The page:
M3 and M4: without the head-up display added, the windscreen shade band is £60 on the four-door but standard on the coupe.
OK, there's a little more than that. Performance stats and technical features are identical for both cars but the saloon is £460 cheaper, 23kg heavier, 7mm wider, 47mm higher, has 58mm more shoulder room in the back and another 35 litres of boot space. Power to weight for a comparable M DCT equipped car is slightly behind for the M3, with 264hp/tonne against the M4's 266hp/tonne. Accepting the coupe has a slightly favourable centre of gravity and fractional power to weight advantage, in all other respects it's fair to consider impressions of the car's character as interchangeable between M4 and M3.
Which is a long way of saying, yes, this is a reasonable head to head, further enlightened with previous experience of both BMWs and the C63 on their respective launches at Portimao, plus road tests here in the UK.
The difference in character, traditions and mindset of these two cars is obvious from the first push of the starter button. Where the BMW growls away with an urgent, metallic sounding gargle the C63 is pure AMG; a clap of V8 thunder and then a menacing, bassy burble that'll rattle the windows the length of your street. As fluids warm and exhaust flaps close both settle down to a quieter tickover as you pull away. But those first 60 seconds or so tell you a lot about what each car has in store for you.
OK, it weighs another 95kg against a comparable M DCT M3 saloon and 118kg more than this M4, with both BMWs available as manuals weighing 40kg less still. But none of these cars can be considered light and (marginally) by the numbers and (decisively) by the seat of the pants the AMG feels the more potent and muscular car.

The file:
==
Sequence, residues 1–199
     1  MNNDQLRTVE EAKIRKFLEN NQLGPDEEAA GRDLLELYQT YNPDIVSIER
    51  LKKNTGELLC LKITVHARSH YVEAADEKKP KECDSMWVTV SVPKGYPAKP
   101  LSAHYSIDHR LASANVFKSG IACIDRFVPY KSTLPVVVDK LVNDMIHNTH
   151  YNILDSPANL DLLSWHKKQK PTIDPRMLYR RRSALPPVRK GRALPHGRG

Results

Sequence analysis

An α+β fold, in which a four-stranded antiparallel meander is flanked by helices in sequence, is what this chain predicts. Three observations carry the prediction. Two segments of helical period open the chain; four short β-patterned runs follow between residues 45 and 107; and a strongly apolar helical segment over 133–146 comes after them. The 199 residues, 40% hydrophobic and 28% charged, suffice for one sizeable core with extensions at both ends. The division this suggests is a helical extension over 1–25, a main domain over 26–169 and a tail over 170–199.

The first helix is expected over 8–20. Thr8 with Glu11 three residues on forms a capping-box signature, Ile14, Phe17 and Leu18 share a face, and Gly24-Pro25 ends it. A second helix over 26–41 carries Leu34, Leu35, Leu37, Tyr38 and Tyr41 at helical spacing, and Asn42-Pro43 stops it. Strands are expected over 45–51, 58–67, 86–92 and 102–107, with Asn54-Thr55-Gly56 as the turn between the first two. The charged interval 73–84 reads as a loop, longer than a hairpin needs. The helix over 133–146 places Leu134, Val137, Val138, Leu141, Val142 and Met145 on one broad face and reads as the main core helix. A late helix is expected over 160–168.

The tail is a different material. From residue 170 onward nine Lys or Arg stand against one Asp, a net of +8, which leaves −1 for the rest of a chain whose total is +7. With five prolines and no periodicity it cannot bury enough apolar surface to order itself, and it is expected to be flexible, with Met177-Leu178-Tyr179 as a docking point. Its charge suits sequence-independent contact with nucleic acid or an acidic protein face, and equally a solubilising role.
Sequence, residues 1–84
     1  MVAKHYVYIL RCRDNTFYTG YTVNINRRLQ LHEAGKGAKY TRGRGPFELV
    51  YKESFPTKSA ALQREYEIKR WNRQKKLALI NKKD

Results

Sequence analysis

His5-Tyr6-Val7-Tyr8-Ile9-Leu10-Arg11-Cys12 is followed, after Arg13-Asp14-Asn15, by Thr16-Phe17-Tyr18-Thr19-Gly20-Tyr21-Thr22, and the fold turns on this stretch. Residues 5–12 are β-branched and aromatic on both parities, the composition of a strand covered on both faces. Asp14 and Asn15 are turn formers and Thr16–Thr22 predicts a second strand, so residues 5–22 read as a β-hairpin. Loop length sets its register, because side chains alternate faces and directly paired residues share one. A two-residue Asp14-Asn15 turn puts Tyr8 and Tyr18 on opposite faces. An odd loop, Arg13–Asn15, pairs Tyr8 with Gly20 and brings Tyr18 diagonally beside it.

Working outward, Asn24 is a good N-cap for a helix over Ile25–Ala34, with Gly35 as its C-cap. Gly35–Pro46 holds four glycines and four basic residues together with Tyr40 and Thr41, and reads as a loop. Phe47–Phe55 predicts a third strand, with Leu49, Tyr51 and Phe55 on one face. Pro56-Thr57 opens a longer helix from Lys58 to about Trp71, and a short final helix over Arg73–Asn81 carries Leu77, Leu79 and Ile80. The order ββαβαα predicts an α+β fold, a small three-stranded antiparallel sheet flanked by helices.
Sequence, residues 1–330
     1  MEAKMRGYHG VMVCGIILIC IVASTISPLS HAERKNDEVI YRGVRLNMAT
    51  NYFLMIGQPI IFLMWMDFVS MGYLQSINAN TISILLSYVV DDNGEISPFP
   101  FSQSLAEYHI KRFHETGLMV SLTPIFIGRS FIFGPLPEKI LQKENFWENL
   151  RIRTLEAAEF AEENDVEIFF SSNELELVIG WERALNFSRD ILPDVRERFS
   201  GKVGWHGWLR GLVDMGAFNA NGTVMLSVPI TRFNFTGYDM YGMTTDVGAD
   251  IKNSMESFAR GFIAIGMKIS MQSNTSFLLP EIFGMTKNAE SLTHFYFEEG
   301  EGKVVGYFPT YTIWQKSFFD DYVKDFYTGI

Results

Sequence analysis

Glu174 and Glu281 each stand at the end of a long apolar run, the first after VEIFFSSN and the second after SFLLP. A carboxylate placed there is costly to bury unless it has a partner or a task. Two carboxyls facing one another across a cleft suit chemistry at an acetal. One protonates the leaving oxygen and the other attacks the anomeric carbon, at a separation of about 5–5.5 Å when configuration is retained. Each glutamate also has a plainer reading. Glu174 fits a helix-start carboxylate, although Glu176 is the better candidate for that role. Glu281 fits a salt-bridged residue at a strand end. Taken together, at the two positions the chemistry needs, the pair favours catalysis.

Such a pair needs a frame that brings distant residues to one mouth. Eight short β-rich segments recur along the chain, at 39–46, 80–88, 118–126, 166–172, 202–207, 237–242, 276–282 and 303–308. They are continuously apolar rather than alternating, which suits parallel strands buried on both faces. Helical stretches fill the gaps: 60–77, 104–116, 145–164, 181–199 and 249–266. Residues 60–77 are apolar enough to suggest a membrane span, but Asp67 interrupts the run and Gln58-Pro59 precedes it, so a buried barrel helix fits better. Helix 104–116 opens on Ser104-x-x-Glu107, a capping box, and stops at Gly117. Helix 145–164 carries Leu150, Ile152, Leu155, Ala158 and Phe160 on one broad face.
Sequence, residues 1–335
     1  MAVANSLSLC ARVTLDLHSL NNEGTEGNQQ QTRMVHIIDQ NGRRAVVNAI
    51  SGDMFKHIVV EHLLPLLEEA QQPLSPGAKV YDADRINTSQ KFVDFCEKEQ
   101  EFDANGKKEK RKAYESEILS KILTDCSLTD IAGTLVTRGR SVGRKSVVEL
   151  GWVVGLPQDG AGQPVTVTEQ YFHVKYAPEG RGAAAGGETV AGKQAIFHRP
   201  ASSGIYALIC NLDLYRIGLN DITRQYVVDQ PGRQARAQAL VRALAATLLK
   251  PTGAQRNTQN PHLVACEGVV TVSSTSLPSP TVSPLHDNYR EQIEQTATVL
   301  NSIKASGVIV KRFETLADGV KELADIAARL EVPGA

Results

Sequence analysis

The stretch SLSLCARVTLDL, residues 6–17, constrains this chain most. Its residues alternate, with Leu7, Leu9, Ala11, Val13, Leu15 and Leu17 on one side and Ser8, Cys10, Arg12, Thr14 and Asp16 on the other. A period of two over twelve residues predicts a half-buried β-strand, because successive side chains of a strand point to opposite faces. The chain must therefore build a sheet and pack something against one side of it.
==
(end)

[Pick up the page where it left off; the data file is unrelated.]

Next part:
M178 engine was reverent attention as we were played a succession of recorded Affalterbach V8s, culminating in the new 'hot-V' twin-turbo motor. And from that first fire-up and every mile that follows that bass is always there, tingling through the car, pulsating in your chest and scoring your every move. For sure, the sound has been engineered. But more naturally than the BMW and entertaining whether you're pottering around town at 20mph or flat out on a favourite B-road.
Only you won't be. Because flat out in the C63 is not somewhere you'll get to experience too often. It's a common refrain with modern performance cars but the C63's abilities so far outstrip any notional sense of what's achievable on the public road as to leave low-speed burbling your only option for enjoying the car. In the previous C63 this was offset by a rawness and response that engaged throughout the speed spectrum. But the new C63 is a much more grown-up and mature vehicle; plusher, grippier, more opulent and perhaps a bit more Mercedes than it is AMG.
Now that huge power is delivered in partnership with all the other systems, meaning you have to be surprisingly lead-footed before any meaningful sense of rear-driven influence kicks in. In engine size and driving style no longer does it feel as over-endowed as the old one. Light steering only adds to this sense of disconnection. Initial softness in the throttle as the turbos spool up doesn't help, though the AMG's extra cylinders and capacity blurs the transition between on and off boost better than the BMW's six. The AMG's steel brakes are slightly easier to modulate than the BMW's expensive optional ceramics; Merc offers the same as an option but for road use they're more than up to the job.
Both downsized, both newly turbocharged, both facing an uphill struggle to win over long-time fans ... arguably this is the first time M and AMG have converged on similar ground after generations of cars built to very clear and different templates. Indeed, having out as a homologation special built to battle Mercedes on the track, the M3 has over generations got closer to the AMG template as it's gained cylinders, weight, complexity and size. And here we are, both brands now offering forced induction, multi-configurable driver modes aplenty, all the latest gadgets and tech and a broader than ever operating window.
the M3 saloon we tested last year the BMW is a feistier, more aggressive machine.